And that's why researchers at Baylor College of Medicine (BCM) are looking into alternate cholesterol-lowering therapies for those for whom statins are not the answer.
Dr. Christie Ballantyne is section chief of cardiology and cardiovascular research at BCM.
"Some people have hereditary disorders and have extremely high LDLs. And so the statin has some efficacy but not enough to get them down as low as they'd like. Then some people have less response than others, and we don't understand all of that. Some of that may be genetic. And it turns out there's an even probably larger group of people that have a hard time taking a high dose of a statin."
Even though statins are safe for most people, there are those that can't take them because they experience side effects.
"Many people complain of some muscle pain, soreness, weakness, excessive fatigability. There's some slight increase in diabetes also. That can occur with high dose statins, and some people [who] say that they may have problems with their nerves or cognition."
With those folks in mind, Dr. Ballantyne says research is underway on an LDL – reduction therapy that is genetic. He says it began with a family with very high, bad cholesterol who was found to have a genetic defect called PCSK9. It made a protein that worked too well and that lead to an increase in LDL. But then another PCSK9 variant was found in some people in which the PCSK9 did not work well, and they had lower LDL.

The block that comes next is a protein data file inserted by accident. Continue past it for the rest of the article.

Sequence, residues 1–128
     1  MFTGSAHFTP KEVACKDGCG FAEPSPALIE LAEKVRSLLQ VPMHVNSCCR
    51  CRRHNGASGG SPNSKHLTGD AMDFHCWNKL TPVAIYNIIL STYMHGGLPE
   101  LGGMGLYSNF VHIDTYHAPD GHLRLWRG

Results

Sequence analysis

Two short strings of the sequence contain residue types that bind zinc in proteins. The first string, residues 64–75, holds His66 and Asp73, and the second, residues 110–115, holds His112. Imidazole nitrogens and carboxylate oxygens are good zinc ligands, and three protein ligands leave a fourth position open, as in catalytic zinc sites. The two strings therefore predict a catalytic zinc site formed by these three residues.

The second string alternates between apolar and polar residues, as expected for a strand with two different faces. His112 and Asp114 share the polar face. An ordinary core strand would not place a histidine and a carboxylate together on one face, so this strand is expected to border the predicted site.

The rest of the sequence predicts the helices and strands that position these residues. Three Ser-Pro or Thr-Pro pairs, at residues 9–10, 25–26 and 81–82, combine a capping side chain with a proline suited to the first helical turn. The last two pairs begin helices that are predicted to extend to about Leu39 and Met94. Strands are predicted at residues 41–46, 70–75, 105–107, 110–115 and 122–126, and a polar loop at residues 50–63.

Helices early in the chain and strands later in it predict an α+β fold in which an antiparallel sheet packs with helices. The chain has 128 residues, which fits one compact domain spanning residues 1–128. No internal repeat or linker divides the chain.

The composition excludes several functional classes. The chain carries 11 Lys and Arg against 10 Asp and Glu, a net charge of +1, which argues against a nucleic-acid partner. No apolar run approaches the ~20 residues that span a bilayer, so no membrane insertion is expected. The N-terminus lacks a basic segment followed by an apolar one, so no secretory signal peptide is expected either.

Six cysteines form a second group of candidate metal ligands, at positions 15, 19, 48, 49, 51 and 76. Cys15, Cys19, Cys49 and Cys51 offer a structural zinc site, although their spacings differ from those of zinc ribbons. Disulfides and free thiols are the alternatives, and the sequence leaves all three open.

"And they have more LDL receptors and very low LDL cholesterol. And they were protected from heart disease."
And then the light bulb went off.
"And so the genetics suggested: 'Aha. If you make too much of it, you get a high LDL. If you don't make much of it, you get a low LDL.' So the thought was we can make antibodies to this receptor, and it will block the function. And sure enough, giving a shot lowered LDL 50-to-60 percent."
And so now a number of studies are being conducted in which people get an injection of the antibody to see how and if it can be used on a wider audience.
Two other studies are also underway that involve a certain protein, CETP, which works to transfer and regulate both LDL, bad cholesterol, and HDL, good cholesterol. However, when CETP's function is increased there's also an increased risk of cardiovascular disease.
These two studies are looking at a CETP inhibitor that has been shown to increase HDL while lowering LDL. One study is underway, and the other is just now enrolling people.
Dr. Ballantyne says, though, the most important and first line of defense against heart disease is not drugs, but a healthier lifestyle.
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